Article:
Fuzzy animal costumes? Seriously? Didn't you do this to Rachel and Caitlin a few years ago? I'm starting to wonder which one of you has the repressed fetish issues.

You don't see us putting on the costumes.

Weingarten. He's got ALL the fetishes.

Okay, the questions have slowed to a trickle, so I am going to declare us down.   Thanks so much for being so enthusiastic, smart, and forgiving! 

We hope to see you next year.  

In This Chat
Dave Barry
Dave Barry is a humor columnist. For 25 years he was a syndicated columnist whose work appeared in more than 500 newspapers in the United States and abroad. In 1988 he won the Pulitzer Prize for Commentary. Many people are still trying to figure out how this happened.

Dave has also written a total of 30 books, although virtually none of them contain useful information. Two of his books were used as the basis for the CBS TV sitcom "Dave's World," in which Harry Anderson played a much taller version of Dave.
Tom Shroder
Tom Shroder has been an award-winning journalist for more than 30 years. As editor of The Washington Post Magazine, he edited multiple Pulitzer Prize-winning features. He's also edited humor columns by Dave Barry, Gene Weingarten and Tony Kornheiser, as well as conceived and launched the internationally syndicated comic strip, Cul de Sac, by Richard Thompson.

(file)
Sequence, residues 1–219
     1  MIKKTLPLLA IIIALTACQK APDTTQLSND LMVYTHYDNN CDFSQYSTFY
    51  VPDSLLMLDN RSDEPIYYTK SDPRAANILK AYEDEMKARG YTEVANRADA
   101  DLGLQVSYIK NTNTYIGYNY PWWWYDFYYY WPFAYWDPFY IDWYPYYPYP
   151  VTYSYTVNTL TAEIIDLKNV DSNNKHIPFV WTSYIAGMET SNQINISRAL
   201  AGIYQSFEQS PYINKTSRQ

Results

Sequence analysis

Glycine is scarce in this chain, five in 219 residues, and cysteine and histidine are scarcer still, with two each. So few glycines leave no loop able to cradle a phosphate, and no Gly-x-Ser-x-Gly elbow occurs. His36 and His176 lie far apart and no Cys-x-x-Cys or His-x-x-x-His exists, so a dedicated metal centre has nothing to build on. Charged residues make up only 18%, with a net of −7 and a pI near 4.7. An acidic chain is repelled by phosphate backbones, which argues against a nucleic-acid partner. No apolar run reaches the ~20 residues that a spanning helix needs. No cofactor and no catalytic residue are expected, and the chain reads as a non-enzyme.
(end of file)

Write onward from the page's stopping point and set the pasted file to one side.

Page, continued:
Gene Weingarten
Gene Weingarten is the humor writer for The Washington Post. His column, Below the Beltway, has appeared weekly in the Post's Sunday magazine since July 2000 and has been distributed nationwide on The Los Angeles Times-Washington Post News Service. He was awarded the 2008 Pulitzer Prize for Feature Writing.